In the early 1990s, during my first years of ministry with InterVarsity Christian Fellowship, I worked with a thoroughly multiethnic campus ministry team in New York City. We had two to three members from each of several major American racial and ethnic groups—black, Latino, Asian, and white. Our team believed that God loves people of every ethnicity and culture. Frankly, if we hadn’t, we wouldn’t have had much of a student ministry in New York City. And during our city-wide conferences, when students gathered in worship, we looked like that picture of the new creation in Revelation 7: every nation, tribe, people, and language gathered in praise.
As a Chinese American who grew up in Hawaii, I deeply appreciated InterVarsity’s commitment to multiethnicity and racial reconciliation. In InterVarsity, my ethnic background felt like an asset, not a path to being a somewhat abnormal would-be white person. InterVarsity, some said, was the most multiethnic campus ministry in the country, and we were the most multiethnic team in InterVarsity.
One of the ways our ministry embraced a multiethnic vision was sponsoring ethnic student conferences—opportunities for black, Latino, Asian, and white students to work through issues of ethnic identity, community, and faith in a safe environment. The first year we ran all the conferences at the same time in the fall, the students at my predominantly Asian American Columbia University fellowship promptly delved so deeply into their ethnic journey, especially what I call the “angry stage,” that they forgot to welcome new students. Obviously, this didn’t help the growth of our fellowship.
I spoke with my colleagues of color who ran the other ethnic conferences about how it would be more helpful to have a discipleship conference in the fall where we could all focus on our unified identity and growth in Jesus, and host our ethnic student conferences in the spring—after all the new students had been welcomed. They agreed.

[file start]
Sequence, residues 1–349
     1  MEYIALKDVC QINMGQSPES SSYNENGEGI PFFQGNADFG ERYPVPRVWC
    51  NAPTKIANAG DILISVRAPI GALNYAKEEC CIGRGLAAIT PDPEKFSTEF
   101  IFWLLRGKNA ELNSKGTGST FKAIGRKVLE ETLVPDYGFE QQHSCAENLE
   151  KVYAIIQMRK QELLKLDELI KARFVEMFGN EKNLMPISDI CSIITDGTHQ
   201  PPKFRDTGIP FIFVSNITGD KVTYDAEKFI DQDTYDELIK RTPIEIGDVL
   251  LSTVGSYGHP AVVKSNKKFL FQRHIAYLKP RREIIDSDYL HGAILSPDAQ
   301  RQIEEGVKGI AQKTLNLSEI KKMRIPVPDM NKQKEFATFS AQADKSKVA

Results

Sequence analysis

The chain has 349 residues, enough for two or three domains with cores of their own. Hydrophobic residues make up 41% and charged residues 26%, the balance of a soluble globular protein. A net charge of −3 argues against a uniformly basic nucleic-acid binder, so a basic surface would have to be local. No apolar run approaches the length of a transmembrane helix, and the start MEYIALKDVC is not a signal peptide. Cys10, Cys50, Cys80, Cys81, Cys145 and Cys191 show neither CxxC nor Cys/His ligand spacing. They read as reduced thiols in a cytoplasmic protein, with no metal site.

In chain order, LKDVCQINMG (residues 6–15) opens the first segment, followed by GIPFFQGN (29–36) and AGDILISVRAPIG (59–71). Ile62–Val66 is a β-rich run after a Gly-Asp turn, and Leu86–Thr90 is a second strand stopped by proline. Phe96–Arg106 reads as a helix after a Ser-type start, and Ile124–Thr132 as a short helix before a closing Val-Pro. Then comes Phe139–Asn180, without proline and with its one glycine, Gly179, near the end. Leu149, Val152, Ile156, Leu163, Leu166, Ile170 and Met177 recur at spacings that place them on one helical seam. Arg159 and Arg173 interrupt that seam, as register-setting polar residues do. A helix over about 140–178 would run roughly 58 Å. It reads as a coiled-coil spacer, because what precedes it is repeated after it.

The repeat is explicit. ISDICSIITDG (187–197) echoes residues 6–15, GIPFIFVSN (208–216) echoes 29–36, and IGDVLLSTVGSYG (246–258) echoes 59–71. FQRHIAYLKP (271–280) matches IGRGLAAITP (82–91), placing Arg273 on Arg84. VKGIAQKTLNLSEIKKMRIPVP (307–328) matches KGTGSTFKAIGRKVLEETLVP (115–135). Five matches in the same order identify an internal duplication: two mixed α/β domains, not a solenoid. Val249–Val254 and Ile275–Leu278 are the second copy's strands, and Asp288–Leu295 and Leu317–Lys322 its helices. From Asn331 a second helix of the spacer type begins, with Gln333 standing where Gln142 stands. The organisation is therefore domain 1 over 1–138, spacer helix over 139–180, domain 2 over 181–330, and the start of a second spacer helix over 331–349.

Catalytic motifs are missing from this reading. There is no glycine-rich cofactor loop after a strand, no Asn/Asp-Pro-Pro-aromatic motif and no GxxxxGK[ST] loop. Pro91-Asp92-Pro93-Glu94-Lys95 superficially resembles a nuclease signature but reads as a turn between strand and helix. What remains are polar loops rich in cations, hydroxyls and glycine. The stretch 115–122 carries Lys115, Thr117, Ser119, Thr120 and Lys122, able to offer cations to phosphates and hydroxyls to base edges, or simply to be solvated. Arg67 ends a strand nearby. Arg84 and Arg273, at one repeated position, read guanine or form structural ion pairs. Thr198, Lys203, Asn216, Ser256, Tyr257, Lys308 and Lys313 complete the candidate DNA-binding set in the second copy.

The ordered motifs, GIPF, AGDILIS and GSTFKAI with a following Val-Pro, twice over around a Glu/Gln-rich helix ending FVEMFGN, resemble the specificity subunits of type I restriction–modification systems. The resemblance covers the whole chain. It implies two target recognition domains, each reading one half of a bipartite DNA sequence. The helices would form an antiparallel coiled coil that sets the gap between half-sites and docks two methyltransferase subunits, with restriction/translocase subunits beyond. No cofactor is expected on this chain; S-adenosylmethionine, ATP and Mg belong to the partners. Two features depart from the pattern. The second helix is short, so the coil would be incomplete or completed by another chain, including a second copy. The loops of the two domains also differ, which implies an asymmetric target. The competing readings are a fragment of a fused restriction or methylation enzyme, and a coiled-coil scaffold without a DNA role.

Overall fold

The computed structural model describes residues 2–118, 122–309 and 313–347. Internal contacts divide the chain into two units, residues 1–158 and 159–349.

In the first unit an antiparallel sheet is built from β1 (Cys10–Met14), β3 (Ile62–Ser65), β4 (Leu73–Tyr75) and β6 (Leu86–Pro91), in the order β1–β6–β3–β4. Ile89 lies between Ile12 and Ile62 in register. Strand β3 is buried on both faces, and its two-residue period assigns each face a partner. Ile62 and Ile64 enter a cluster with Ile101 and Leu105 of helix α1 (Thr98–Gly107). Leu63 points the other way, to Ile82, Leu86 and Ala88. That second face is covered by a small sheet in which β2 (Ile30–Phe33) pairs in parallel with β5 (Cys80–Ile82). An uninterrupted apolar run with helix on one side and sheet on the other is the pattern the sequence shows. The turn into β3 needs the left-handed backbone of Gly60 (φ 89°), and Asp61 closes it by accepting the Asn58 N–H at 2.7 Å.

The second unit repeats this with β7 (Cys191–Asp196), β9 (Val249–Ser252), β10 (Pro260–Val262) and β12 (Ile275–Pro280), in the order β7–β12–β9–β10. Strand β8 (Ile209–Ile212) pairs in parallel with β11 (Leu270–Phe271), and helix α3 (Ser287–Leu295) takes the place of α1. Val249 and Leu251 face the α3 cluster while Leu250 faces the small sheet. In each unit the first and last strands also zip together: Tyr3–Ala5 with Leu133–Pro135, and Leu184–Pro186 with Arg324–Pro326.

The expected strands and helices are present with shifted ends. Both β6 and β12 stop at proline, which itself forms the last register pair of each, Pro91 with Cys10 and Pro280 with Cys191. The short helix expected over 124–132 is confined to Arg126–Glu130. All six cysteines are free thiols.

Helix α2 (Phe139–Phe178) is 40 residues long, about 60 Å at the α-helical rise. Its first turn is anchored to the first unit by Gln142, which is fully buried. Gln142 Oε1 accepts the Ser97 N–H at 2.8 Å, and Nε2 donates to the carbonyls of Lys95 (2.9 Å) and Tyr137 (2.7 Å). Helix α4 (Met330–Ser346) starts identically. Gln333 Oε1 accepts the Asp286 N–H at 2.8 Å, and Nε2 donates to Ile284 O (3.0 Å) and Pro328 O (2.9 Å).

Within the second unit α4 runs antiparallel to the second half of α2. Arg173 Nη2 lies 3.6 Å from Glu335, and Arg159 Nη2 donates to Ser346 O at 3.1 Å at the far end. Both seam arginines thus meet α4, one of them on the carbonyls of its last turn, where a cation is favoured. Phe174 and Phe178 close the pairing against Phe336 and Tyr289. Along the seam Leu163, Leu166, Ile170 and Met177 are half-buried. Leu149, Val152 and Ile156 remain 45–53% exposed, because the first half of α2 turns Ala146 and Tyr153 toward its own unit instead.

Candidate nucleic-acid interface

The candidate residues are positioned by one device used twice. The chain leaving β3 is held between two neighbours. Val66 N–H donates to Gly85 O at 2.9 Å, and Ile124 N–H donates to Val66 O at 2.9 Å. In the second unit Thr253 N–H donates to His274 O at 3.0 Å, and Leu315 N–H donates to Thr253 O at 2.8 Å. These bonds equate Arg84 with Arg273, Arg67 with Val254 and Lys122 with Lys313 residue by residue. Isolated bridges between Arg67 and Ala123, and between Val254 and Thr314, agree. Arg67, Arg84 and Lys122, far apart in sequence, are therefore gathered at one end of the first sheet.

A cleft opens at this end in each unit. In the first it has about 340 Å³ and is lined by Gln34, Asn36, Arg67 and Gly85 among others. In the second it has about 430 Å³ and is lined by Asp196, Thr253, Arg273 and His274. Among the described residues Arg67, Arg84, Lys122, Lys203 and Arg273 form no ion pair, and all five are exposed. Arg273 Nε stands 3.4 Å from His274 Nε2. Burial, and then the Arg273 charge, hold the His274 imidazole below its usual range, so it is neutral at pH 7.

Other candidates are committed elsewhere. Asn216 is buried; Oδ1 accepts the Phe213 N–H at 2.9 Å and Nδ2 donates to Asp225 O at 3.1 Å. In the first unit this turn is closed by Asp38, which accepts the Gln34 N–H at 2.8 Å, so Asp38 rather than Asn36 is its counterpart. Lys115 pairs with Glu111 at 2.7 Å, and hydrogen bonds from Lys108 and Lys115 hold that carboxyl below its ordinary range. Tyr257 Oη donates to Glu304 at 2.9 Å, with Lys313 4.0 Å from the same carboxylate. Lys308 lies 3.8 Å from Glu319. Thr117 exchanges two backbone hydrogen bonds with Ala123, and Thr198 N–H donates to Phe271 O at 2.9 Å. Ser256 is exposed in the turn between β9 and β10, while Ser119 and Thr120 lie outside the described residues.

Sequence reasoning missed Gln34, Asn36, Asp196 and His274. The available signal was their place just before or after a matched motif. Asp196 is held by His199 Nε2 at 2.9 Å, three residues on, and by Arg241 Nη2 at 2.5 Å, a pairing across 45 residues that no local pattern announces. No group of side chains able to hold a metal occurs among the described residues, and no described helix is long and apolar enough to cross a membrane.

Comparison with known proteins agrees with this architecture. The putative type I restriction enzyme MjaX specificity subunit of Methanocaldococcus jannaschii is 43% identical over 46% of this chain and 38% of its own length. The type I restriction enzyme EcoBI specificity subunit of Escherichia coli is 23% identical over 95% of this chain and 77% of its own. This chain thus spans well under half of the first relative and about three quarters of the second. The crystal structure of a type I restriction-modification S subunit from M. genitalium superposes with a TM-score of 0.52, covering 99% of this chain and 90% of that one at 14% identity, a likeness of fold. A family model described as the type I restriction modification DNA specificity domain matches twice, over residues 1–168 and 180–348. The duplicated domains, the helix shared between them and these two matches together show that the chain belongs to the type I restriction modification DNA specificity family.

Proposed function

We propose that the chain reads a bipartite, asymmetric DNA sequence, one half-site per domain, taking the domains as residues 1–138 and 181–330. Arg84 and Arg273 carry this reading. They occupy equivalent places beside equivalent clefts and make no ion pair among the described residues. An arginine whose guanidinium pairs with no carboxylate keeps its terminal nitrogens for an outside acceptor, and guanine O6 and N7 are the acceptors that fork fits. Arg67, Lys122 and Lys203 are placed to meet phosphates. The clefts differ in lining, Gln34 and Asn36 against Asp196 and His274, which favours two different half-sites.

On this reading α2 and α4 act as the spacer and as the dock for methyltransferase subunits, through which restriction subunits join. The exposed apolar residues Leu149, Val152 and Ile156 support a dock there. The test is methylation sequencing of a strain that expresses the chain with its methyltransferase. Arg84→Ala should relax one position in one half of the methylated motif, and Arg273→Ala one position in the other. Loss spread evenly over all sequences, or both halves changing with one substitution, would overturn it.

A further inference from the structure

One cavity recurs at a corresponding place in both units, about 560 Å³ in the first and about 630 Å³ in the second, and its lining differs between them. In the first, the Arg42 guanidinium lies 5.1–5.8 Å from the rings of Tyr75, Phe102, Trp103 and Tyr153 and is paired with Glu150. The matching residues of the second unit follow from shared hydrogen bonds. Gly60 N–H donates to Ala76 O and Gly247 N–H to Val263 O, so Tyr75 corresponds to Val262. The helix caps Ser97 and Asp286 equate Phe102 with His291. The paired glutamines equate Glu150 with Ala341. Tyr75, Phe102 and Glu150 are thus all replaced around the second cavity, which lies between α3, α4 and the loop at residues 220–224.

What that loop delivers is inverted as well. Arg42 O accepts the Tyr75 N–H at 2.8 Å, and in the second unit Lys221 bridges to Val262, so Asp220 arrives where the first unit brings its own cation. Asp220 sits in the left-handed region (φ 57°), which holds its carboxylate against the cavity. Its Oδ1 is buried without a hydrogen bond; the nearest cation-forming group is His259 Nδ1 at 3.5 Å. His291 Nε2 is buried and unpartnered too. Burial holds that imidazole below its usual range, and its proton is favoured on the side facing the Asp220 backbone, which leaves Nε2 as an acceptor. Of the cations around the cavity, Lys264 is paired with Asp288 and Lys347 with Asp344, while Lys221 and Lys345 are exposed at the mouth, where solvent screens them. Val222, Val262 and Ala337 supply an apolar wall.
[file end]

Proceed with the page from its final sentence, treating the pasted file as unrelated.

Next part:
However, the leaders of our ministry team, all white at the time, decided the fall worked best for the region’s ministry as a whole. I felt frustrated, but more than that, exploited—being asked to run conferences that actually hurt the chapters that hosted most of our students of color.
So I brought it up with my supervisors. There’s nothing like a person of color using words like “exploited” in InterVarsity to get a meeting organized!
Not long into our meeting, I realized I was talking far more than my teammates of color. Not only was I talking more, I was saying things they had said privately, but weren’t voicing publicly.
I finally called them on it, and we started having a different and more important conversation: about what prevented them from speaking up. And in the course of that conversation, I believe God gave me a picture, one that has continued to be helpful in the many years of multiethnic partnership since.
Owning the House
InterVarsity was like a house with all sorts of staff living in it. Most of the white staff felt like they owned the house. They felt free to move the furniture, decorate the walls, put their feet up, and cook the foods they liked to eat. But others on our team, though they “lived” in the house, were just guests. As a guest, it’s impolite to move the furniture or criticize the decor, and if you don’t like the food served, you don’t complain—because if you complain, you’re not invited back.
Why did I feel more like an owner in InterVarsity, not a guest, even though I’m a member of an ethnic minority? There were all sorts of potential reasons. I had grown up feeling “normal” in Hawaii, where Asians/Pacific Islanders make up 70 percent of the population—maybe that gave me more confidence than my mainland teammates. Maybe the privileges of my upper-middle class background and elite education gave me a sense of entitlement. Maybe InterVarsity had welcomed me so well that I had actually absorbed the message that I was part of the family. Maybe I’m just brash—or arrogant—by temperament.
Whatever the reason, I felt completely free to move furniture, discuss the decorations, and serve my own style of food to make our ministry feel like home.